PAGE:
Working times and overweight : tight schedules, weaker fitness? / Joan Costa-Font (London School of Economics and Political Science and IZA), Belen Saenz de Miera Juarez (London School of Economics and Political Science) ; IZA Institute of Labor Economics
VerfasserCosta-i-Font, Joan In der Gemeinsamen Normdatei der DNB nachschlagen ; Sáenz de Miera Juárez, Belén In der Gemeinsamen Normdatei der DNB nachschlagen
KörperschaftForschungsinstitut zur Zukunft der Arbeit In der Gemeinsamen Normdatei der DNB nachschlagen
ErschienenBonn, Germany : IZA Institute of Labor Economics, July 2018
Elektronische Ressource
Umfang1 Online-Ressource (75 Seiten) : Diagramme, Karten
SerieDiscussion paper ; no. 11702
URNurn:nbn:de:hbz:5:2-163794 Persistent Identifier (URN)
 Das Dokument ist frei verfügbar.
Working times and overweight [1.13 mb]
Verfügbarkeit In meiner Bibliothek
Zusammenfassung (Englisch)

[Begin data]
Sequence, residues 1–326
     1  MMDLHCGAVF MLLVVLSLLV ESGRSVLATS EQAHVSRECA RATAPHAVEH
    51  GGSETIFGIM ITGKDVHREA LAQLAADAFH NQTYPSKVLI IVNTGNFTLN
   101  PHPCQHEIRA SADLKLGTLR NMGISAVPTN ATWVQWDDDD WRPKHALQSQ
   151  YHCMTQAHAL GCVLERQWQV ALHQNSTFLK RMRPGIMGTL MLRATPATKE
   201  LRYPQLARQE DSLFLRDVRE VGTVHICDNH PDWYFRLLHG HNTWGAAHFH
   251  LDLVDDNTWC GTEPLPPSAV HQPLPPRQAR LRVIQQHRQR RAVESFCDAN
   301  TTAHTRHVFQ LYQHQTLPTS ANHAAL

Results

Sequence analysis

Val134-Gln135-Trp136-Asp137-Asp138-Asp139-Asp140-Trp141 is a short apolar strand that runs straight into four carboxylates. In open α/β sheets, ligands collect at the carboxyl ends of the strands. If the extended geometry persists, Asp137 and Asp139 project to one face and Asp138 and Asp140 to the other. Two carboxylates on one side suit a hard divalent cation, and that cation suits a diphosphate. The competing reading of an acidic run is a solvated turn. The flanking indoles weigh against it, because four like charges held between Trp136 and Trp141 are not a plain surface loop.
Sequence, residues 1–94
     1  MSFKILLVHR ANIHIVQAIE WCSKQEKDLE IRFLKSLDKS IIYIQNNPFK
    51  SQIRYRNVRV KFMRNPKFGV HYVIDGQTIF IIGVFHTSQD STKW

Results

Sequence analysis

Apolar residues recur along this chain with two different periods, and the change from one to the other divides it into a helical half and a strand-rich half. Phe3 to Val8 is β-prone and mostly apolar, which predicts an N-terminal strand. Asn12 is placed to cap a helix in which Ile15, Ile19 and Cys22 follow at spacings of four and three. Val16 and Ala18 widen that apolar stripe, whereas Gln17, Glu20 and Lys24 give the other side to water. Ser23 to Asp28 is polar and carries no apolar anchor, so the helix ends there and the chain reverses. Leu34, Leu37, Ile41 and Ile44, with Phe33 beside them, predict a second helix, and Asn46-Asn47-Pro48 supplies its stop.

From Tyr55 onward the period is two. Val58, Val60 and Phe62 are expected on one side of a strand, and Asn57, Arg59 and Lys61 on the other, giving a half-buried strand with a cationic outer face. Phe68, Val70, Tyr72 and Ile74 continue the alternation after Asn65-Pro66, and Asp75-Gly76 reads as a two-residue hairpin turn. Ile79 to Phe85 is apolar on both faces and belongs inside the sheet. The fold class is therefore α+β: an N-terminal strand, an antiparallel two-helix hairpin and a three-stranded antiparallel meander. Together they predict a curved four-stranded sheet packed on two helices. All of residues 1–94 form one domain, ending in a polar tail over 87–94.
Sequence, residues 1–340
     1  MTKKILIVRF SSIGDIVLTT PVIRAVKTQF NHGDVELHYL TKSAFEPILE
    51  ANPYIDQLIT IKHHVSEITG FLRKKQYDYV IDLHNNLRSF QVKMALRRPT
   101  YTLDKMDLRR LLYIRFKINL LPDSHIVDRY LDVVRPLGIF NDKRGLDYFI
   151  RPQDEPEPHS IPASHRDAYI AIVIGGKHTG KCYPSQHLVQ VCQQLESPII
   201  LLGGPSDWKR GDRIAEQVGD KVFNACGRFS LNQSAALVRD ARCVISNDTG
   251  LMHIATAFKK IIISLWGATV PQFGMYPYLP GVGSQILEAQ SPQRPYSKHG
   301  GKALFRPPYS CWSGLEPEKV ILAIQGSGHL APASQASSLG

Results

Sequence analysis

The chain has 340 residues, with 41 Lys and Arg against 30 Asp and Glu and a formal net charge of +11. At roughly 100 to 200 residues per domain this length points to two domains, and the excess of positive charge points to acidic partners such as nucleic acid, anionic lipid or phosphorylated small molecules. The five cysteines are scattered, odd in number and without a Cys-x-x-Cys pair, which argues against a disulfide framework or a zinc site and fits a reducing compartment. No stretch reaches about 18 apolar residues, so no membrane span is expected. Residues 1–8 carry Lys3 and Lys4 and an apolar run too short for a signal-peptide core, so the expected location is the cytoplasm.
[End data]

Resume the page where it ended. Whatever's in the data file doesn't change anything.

Although the rise in obesity and overweight is related to time constraints influencing health investments (e.g., exercise, shopping and cooking time, etc.), there is limited causal evidence to substantiate such claims. This paper estimates the causal effect of a change in working times on overweight and obesity drawing from evidence from the Aubrey reform implemented in the beginning of the past decade in France. We use longitudinal data from GAZEL (INSERM) 1997-2006 that contains detailed information about health indicators, including measures of height and weight. Taking the Alsace-Mosselle department as a control group and a difference-in-differences strategy, we estimate the effect of a differential reduction in working times on body weight. Our results show evidence of 0.7% increase in average BMI an 8pp increase in the probability of overweight among blue collars exposed to the reform. In contrast, we find no effect among white collar workers. The effects are robust to different specifications and placebo tests.